COVID-19 patients may not recover sense of taste, smell after other symptoms end

The CDC added a new loss of taste or smell to its list of COVID-19 symptoms at the end of April, and now early data from recovered patients is showing that many may not recover those senses after other symptoms of the disease disappear, according to The Wall Street Journal.

According to preliminary data from clinicians, about a quarter of recovered COVID-19 patients say they regained their senses of taste and small within two weeks of other symptoms disappearing. But long-term data is needed to determine when those who did not report an improvement in two weeks recovered their ability to taste and smell. It could take months, and some physicians say they may never recover those senses, the Journal reports.

This may put up more barriers to full recovery for COVID-19 patients, causing emotional distress and anxiety.

Matt Newey, a 23-year-old man who recovered from COVID-19 in March, told the Journal that he has lost weight because eating has become a laborious process.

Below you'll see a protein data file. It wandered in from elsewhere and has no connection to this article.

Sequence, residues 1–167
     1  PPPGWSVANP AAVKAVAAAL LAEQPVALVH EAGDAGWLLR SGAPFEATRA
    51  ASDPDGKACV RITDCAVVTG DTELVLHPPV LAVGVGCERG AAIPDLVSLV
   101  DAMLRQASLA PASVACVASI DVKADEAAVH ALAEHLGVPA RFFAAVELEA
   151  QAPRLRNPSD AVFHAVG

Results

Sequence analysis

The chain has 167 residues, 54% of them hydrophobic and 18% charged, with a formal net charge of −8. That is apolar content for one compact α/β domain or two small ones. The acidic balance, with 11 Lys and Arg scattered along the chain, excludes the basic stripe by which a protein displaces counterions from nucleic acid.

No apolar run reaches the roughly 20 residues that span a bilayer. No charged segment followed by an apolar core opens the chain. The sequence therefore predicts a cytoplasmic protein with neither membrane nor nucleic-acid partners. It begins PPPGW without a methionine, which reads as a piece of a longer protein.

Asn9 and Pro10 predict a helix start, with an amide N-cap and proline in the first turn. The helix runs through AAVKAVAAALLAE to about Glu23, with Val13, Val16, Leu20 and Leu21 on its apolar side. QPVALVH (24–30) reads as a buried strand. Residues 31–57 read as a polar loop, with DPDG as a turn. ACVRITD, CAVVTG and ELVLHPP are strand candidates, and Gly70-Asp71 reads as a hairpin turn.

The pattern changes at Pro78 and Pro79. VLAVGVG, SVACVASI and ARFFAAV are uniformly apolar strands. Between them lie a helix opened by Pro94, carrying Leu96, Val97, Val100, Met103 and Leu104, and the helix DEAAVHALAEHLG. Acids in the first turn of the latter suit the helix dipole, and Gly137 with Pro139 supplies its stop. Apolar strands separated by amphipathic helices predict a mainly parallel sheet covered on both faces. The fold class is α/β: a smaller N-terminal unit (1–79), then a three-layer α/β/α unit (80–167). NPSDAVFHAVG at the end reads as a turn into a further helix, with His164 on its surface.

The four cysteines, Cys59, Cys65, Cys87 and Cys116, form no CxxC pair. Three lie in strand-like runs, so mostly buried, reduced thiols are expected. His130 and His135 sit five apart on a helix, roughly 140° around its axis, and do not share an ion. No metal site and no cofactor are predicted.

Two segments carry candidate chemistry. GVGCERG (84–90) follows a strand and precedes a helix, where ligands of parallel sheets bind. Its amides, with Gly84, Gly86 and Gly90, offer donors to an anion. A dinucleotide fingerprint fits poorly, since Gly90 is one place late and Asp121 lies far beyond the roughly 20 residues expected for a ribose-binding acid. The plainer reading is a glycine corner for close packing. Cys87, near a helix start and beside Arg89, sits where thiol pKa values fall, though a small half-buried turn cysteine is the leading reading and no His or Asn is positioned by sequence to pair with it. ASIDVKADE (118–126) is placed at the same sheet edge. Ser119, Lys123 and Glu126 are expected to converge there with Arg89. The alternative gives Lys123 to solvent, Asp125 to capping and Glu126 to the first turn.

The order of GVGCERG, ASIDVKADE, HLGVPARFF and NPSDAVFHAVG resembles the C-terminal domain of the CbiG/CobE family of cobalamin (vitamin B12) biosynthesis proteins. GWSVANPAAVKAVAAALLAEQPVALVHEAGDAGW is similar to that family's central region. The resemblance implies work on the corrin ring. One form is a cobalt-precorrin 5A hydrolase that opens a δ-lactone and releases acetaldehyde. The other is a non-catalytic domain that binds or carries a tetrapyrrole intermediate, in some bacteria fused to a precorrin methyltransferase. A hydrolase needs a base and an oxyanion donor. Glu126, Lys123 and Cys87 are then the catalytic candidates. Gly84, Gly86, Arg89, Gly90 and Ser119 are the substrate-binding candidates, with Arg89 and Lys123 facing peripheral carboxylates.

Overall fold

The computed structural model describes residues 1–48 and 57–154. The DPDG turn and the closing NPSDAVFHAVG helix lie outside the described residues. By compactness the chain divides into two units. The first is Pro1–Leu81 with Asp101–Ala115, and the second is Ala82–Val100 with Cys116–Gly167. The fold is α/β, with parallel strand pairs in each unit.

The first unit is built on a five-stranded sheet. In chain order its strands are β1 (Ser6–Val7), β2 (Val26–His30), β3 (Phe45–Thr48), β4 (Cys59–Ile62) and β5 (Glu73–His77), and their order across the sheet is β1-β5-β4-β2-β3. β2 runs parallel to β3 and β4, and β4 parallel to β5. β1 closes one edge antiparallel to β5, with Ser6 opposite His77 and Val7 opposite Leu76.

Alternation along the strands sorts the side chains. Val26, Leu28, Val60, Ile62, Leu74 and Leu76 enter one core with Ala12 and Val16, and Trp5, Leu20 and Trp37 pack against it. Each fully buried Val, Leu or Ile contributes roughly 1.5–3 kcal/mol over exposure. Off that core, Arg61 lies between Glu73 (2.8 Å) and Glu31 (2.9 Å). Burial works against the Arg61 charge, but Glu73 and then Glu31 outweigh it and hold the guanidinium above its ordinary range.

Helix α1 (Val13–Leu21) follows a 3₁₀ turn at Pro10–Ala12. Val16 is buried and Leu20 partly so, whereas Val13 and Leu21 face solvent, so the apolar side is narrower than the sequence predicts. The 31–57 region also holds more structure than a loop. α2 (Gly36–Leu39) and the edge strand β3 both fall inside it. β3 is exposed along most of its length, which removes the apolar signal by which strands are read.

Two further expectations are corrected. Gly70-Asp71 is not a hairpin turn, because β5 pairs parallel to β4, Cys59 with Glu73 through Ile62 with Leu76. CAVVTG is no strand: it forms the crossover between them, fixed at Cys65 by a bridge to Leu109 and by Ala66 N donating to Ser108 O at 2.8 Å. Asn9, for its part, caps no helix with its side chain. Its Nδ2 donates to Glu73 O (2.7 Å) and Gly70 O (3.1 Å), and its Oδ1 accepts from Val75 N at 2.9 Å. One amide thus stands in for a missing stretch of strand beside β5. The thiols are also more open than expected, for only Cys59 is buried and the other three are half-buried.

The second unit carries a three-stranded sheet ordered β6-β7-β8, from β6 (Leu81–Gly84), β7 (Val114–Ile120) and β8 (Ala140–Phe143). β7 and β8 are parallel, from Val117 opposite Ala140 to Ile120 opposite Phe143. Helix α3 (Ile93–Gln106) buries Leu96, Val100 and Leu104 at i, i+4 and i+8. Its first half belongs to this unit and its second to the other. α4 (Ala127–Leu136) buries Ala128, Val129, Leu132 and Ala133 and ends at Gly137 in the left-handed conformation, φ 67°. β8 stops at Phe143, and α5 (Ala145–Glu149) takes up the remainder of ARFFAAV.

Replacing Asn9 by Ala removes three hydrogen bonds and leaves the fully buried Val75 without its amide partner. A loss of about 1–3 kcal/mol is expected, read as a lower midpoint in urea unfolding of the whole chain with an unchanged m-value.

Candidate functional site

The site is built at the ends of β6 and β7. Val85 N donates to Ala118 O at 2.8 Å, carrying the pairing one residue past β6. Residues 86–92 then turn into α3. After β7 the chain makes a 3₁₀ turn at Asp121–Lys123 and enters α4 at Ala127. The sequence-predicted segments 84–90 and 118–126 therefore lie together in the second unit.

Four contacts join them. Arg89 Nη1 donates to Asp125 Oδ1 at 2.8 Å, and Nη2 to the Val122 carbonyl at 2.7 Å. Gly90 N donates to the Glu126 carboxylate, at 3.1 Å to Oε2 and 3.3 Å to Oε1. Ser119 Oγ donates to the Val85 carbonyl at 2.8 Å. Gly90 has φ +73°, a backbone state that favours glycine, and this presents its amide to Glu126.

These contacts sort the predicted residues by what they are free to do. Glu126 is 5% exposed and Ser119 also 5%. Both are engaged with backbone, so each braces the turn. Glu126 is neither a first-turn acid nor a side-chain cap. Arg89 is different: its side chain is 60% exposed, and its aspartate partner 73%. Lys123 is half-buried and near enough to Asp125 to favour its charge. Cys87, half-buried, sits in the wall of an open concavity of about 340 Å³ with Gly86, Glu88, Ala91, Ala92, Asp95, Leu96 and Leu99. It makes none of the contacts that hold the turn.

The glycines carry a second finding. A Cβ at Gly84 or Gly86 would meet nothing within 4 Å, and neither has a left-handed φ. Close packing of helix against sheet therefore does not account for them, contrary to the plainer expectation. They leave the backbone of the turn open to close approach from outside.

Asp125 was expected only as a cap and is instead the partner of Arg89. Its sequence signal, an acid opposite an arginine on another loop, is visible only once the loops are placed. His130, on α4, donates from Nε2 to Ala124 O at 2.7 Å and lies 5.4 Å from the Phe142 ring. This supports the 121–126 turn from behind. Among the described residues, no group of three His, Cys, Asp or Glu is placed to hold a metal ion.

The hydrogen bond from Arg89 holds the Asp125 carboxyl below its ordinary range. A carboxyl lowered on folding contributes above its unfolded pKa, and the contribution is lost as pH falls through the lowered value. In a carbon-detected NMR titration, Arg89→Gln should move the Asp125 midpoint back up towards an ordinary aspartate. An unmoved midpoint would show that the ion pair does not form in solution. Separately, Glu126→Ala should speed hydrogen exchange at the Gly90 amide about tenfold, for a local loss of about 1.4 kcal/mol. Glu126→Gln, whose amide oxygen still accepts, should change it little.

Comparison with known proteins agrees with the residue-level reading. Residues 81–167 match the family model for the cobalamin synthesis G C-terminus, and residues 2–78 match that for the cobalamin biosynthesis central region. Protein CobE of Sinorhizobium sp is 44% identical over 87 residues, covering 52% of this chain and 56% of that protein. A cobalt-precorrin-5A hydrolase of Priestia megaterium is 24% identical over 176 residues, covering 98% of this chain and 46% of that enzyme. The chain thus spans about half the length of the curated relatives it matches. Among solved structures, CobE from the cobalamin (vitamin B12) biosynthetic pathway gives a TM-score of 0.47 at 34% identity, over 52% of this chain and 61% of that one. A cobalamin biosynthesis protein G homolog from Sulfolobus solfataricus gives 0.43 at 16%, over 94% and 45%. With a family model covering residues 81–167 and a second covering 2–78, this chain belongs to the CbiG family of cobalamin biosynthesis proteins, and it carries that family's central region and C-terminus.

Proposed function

"I've gone a day-and-a-half without eating anything," he said. "Because my stomach isn't communicating anymore. It's been like that for a while now."

Mr. Newey also said that not being able to smell has heightened his anxiety because of fears he may not be able to smell a gas leak or smoke at home, putting him in danger.

Pamela Dalton, PhD, a chemosensory scientist and member of the Monell Chemical Senses Center in Philadelphia, told the Journal that losing the ability to taste or smell can trigger negative emotions since there is less serotonin flowing to the brain, which can contribute to well-being and happiness.

"So, what they're feeling is not just psychological," she said, according to the Journal.

More articles on public health:
Herd immunity for COVID-19 is still far off, research suggests
COVID-19 fears still keeping Americans away from hospitals, survey finds
Coronavirus community spread dropped 58% after states locked down, new study shows

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